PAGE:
Posts Tagged 'sorbet'

Watermelon Sorbetto

Watermelon Sorbetto

With the coming of summer, I’ve been tempted by all the various melons at the farmer’s market. It’s hard for me to resist those juicy orbs.

Unfortunately, I have the distinct tendency to bring a newly purchased melon home, put it in the refrigerator, and then promptly forget to eat it. Normally, discovering that I had some form of melon that I didn’t know I had (well, not too long after I bought it), isn’t a bad thing but I still have to figure out what to do with it.

I usually intend to chop it up and take it with me to work for breakfast. My problem is that at night, I’ll tell myself I’ll cut it up in the morning. And in the morning, I don’t feel like cutting it up in my half-awake state and that I’ll cut it up that night for the next day. Rinse, repeat, ad nauseum, and I wind up with the forgotten melon.

I finally had enough of the watermelon accusingly staring me in the face every time I opened the refrigerator and decided to do something about it. Hence, watermelon sorbetto.

This isn’t actually the first time I made a watermelon sorbet. I tried one sometime last year (I don’t remember what recipe I used) but I don’t remember being impressed by it. I think it might have been a texture issue. I find that texture is very important in frozen desserts so I made sure to strain the watermelon purée which made for a very smooth sorbet.

The sorbet ended up tasting more like watermelon than eating the watermelon straight did (which was good as I realized the watermelon was much closer to tasteless than I like). The mini-chocolate chips add a nice contrast to the sorbet as well as looking like seeds. Be aware that the sorbet freezes very hard and needs to be allowed to soften for several minutes before eating (or you may break your spoon).

Watermelon

Watermelon Sorbetto
Adapted from Perfect Scoop: Ice Creams, Sorbets, Granitas, and Sweet Accompaniments

3 lbs. watermelon, seeded and cubed
1/2 cup sugar
pinch of salt
1 tbsp lime juice
2 tbsp vodka
2 tbsp mini chocolate chips

  1. Purée the watermelon in a food processor or blender. Run the watermelon purée through a fine mesh strainer. Measure out 3 cups of watermelon juice.
  2. In a small saucepan, heat approximately 1/2 cup of the watermelon juice along with the sugar and salt until the sugar has thoroughly dissolved. Remove from the heat.
  3. Combine the watermelon juice in the saucepan with the other watermelon juice and place in a medium sized bowl. Stir in the lime juice and vodka.
  4. Chill the mixture thoroughly in the refrigerator.
  5. Freeze in an ice cream maker according to the manufacturer’s directions. During the last minute of freezing, pour in the chocolate chips.
  6. Remove from the ice cream maker’s bowl and place in a container. Place the container in the freezer to finish freezing.
  7. Several minutes before eating, remove from the freezer.

Makes about 1 quart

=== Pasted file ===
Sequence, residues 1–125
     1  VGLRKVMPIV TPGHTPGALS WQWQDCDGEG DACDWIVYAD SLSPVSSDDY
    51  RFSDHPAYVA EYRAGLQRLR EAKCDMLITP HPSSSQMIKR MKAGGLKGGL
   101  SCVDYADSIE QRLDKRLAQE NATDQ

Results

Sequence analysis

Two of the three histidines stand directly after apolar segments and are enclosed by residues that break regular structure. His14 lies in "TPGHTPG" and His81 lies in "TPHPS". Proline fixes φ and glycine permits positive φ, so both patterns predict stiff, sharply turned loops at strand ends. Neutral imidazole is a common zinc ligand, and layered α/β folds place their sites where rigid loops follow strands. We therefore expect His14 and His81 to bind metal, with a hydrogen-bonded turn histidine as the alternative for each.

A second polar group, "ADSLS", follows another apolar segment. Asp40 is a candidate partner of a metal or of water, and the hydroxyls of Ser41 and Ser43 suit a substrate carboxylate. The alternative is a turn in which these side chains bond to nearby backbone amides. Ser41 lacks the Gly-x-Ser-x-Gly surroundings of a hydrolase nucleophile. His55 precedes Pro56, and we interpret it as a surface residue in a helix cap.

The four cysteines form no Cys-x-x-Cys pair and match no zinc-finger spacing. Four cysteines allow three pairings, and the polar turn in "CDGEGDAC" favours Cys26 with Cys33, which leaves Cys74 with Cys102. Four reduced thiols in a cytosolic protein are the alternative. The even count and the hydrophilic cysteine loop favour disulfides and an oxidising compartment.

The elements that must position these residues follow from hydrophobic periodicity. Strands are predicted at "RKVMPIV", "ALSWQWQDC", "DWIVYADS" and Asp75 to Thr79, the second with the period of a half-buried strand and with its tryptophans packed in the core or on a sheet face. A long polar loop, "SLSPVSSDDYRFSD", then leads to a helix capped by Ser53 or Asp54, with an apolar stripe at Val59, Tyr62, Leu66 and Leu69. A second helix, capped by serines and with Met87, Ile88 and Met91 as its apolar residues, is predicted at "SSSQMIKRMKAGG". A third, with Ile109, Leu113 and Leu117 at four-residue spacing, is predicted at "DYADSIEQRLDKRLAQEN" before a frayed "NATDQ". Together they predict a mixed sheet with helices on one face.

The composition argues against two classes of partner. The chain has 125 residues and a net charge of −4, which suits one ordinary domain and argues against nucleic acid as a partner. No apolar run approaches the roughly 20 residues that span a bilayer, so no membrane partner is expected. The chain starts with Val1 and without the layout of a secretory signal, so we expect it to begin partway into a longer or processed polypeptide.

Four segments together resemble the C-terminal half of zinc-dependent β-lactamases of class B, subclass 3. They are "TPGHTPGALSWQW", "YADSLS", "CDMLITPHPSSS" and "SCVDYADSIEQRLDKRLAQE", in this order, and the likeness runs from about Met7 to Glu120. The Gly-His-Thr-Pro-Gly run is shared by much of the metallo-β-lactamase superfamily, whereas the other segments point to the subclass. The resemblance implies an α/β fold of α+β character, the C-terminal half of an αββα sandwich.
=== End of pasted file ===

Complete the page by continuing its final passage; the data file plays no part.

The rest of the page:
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Meyer Lemon Sorbet

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I realize it’s a bit strange to make sorbet in the middle of winter. But this is southern California and cold is a very relative concept around here (it was actually the recent rain that was bothering me).

However, winter also is lemon season (the fruit schedule from the farmer’s market claims that lemons are year round but I only see them in winter). I actually missed Meyer lemons the first time they appeared at the farmer’s market as I thought I had a bunch of lemons at home that were given to me by a coworker (turned out they were actually limes).

Angela and I were showing a friend of her family’s around and we went to Huntington Beach. It just so happened that they were having a farmer’s market that day and there was a vendor selling Meyer lemons. Given that I had passed them up the first time, I decided to snap them up while they were around.

Neither of us had had Meyer lemons before. They don’t really grow on the east coast (where ultimately we are from). I had, however, heard of their near-mythical flavor which is what drew me to them. It doesn’t hurt that Angela loves lemons.

While there are other lemon vehicles out there, none are quite as pure as sorbet. Plus I had a recipe for Meyer lemon sorbet. The sorbet is almost full proof to make. My only problem was I didn’t have quite enough for a full recipe.

The sorbet was quite good. I find the less bitter flavor of Meyer lemons to be significantly better than Eureka lemons. It was a cleaner flavor.

Angela thought that it could use to be a bit sweeter so you may want to add additional sugar in the future (and you think that’s a recipe note but it’s really a note to myself). I also think I’d replace the vodka with Limoncello next time.

And some kind soul left some home grown Meyer lemons in the kitchen area at work. I may have taken a few more than my fair share but I’ll put them to good use.

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Meyer Lemon Sorbet
Adapted from Room for Dessert
1 2/3 cup water
1/2 cup sugar
zest of 1 Meyer lemon
2/3 cup Meyer lemon juice (about 6 lemons)
1 tbsp vodka

  1. Place the water, sugar, and lemon zest in a small sauce pan. Stir over medium heat until the sugar has completely dissolved. Cool to room temperature.
  2. Stir in the lemon juice and vodka into the water mixture. Chill the mixture thoroughly in the refrigerator. Strain the mixture through a sieve and freeze in an ice cream maker according to the manufacturer’s instructions. Place in the freezer until ready to serve.

Makes about 3 cups.